COVID-19 Unemployment Benefits and Your Taxes

The economic downturn of the coronavirus pandemic that struck back in March left millions of Americans without jobs. Currently, more than 22 million people are collecting unemployment benefits — much of which is a direct result of the country shutdown. And while the CARES Act offered some relief to those impacted by the economy closure through increased unemployment benefits, there is one big caveat to receiving those payments that many recipients may have overlooked.

The fact is unemployment compensation doesn’t come tax free. Anyone who receives it, must pay taxes on that money. That’s right. It’s taxable income – even if it doesn’t feel like you “earned” it. If you received unemployment benefits in 2020 – or any year – you must pay your share of taxes on that money. But if you find yourself sitting here, worrying that you haven’t done so yet – don’t fret. There’s still time to catch up before the end of the year. There are a few different ways to do so. Let’s walk through the basics.

Unemployment benefits are taxable

The United States has a pay-as-you-go tax system, which means you must pay income tax as you earn income during the year. And while it may feel like unemployment benefits are not considered “earned income”, they actually are. You do not have to pay Social Security and Medicare taxes on the money like you do normal wages, but unemployment benefits are taxed by the federal government and possibly by your state depending on where you reside.

When you signed up for benefits, you may not have realized taxes could be withheld from your payments. Or maybe you opted to not withhold taxes and take home the full benefit amount instead. Either way, it’s important to understand your current situation now so you aren’t surprised with a large tax bill or a significantly smaller refund when it comes time to file your return. That’s because if you haven’t paid enough tax throughout the year, not only will you have to pay the amount you owe by the filing deadline, but you’ll also be subject to an underpayment penalty.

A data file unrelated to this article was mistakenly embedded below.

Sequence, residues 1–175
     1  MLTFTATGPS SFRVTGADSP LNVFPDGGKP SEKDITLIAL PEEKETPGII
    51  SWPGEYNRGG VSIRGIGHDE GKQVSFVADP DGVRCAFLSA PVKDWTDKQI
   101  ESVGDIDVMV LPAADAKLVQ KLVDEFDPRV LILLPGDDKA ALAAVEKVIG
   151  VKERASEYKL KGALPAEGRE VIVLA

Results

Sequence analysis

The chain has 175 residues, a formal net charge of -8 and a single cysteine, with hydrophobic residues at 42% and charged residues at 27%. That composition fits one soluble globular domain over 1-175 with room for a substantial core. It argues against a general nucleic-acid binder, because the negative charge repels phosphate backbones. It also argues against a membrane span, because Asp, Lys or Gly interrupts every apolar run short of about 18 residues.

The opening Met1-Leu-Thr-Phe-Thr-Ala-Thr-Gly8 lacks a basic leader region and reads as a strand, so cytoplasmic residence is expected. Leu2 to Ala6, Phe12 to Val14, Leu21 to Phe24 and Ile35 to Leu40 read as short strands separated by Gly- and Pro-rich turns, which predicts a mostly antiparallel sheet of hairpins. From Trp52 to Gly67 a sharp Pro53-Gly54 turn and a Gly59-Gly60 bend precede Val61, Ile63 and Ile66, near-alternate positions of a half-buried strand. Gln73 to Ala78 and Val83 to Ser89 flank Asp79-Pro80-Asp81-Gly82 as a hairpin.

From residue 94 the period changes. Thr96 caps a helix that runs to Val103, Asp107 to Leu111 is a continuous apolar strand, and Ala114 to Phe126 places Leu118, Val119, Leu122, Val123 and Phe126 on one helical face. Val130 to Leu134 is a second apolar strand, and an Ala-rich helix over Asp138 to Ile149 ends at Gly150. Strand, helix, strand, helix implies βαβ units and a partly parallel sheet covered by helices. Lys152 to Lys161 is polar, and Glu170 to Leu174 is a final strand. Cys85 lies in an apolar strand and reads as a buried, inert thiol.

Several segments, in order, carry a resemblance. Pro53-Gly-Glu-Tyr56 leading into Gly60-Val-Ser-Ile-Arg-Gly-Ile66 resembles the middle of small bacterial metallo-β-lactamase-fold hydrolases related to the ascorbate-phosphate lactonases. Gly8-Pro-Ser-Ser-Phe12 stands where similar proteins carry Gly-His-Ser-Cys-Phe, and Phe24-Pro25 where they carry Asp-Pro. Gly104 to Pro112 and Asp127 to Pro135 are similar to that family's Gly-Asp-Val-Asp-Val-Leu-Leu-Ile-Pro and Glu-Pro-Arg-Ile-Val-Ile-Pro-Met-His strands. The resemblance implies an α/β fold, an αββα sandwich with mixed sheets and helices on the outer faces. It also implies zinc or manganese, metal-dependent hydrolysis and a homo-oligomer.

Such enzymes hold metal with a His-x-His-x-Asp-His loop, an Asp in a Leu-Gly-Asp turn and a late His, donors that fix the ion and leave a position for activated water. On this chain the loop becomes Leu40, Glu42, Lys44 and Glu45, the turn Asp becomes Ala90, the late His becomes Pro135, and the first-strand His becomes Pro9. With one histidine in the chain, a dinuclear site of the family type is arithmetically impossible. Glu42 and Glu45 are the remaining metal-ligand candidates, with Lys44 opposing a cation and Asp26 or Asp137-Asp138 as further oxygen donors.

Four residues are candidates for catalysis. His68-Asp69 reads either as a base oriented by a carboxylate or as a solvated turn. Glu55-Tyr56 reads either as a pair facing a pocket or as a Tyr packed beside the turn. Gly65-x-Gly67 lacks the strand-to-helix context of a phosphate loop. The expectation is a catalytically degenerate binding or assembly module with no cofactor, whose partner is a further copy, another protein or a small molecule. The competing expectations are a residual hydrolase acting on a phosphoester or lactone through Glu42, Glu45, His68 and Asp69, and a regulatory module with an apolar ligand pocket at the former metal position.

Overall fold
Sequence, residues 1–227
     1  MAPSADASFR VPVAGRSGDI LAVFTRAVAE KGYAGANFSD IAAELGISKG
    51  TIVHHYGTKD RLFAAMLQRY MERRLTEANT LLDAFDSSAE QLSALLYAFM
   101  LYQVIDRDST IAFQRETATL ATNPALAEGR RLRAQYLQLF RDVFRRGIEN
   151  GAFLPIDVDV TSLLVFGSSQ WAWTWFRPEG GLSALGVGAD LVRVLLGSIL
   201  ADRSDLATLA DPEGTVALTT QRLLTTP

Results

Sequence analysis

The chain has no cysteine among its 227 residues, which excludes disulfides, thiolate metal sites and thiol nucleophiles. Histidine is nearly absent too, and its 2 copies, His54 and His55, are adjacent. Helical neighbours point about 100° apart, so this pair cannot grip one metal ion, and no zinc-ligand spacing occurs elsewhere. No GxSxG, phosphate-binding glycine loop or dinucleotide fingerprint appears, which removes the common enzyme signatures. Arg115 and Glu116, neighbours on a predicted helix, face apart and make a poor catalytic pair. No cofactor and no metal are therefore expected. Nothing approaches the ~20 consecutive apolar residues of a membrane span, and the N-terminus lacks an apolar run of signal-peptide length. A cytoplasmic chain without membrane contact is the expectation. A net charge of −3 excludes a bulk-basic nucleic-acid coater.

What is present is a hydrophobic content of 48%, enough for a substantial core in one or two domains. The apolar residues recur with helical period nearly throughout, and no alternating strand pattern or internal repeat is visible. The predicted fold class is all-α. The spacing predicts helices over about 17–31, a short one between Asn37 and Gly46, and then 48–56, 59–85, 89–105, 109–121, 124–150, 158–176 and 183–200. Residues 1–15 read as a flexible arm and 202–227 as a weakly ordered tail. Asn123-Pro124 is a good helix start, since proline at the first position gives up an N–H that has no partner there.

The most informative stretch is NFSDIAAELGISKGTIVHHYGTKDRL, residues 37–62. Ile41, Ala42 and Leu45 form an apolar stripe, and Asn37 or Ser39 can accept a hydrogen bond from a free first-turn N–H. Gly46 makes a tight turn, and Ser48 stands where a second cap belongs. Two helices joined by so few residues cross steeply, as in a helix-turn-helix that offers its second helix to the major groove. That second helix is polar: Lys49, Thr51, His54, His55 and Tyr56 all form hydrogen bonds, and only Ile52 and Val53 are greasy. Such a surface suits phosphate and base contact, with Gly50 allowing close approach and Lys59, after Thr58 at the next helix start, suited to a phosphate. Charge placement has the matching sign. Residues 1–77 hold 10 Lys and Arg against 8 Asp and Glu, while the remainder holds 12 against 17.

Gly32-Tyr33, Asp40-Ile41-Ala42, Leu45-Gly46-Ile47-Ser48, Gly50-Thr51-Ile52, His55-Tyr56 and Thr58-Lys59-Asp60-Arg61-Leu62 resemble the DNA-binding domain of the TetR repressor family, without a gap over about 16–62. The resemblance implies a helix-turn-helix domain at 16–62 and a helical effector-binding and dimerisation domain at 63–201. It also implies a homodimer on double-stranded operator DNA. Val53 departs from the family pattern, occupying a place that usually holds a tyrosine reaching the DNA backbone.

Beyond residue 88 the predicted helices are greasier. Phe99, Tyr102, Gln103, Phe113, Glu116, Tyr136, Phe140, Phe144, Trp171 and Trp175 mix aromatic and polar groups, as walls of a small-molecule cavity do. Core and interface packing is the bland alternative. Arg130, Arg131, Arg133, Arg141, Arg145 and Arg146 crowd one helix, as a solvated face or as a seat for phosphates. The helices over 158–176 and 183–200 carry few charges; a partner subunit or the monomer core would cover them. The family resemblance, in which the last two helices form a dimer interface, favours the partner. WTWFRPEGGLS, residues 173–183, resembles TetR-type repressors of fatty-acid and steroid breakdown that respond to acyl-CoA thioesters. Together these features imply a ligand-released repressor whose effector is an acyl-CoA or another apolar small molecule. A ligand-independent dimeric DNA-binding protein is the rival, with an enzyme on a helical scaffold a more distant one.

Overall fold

Time is still on your side

Thankfully, if you haven’t been paying (or saving) enough tax money to cover your unemployment income, there’s still enough time left in the year to make a plan and reduce any uncertainty.

First, take some time to evaluate your income from earlier in the year before you became unemployed. Analyze the tax money you withheld. Was it enough to cover the income you earned at that time? Was it more than enough? If it calculates out to cover more than you technically earned at the time, you can use what you already paid in to cover a portion of the taxes owed on your unemployment benefits.

Use that information to create an action plan for the remainder of the year. How much money do you still have to cover the tax on? If you haven’t withheld enough to cover all of your unemployment benefits, you still have options to help minimize the impact that may have on your return next tax season.

Opt to withhold taxes from your benefits

It’s tempting to opt out of withholding tax on your unemployment benefits. But foregoing that option is an expensive choice. The

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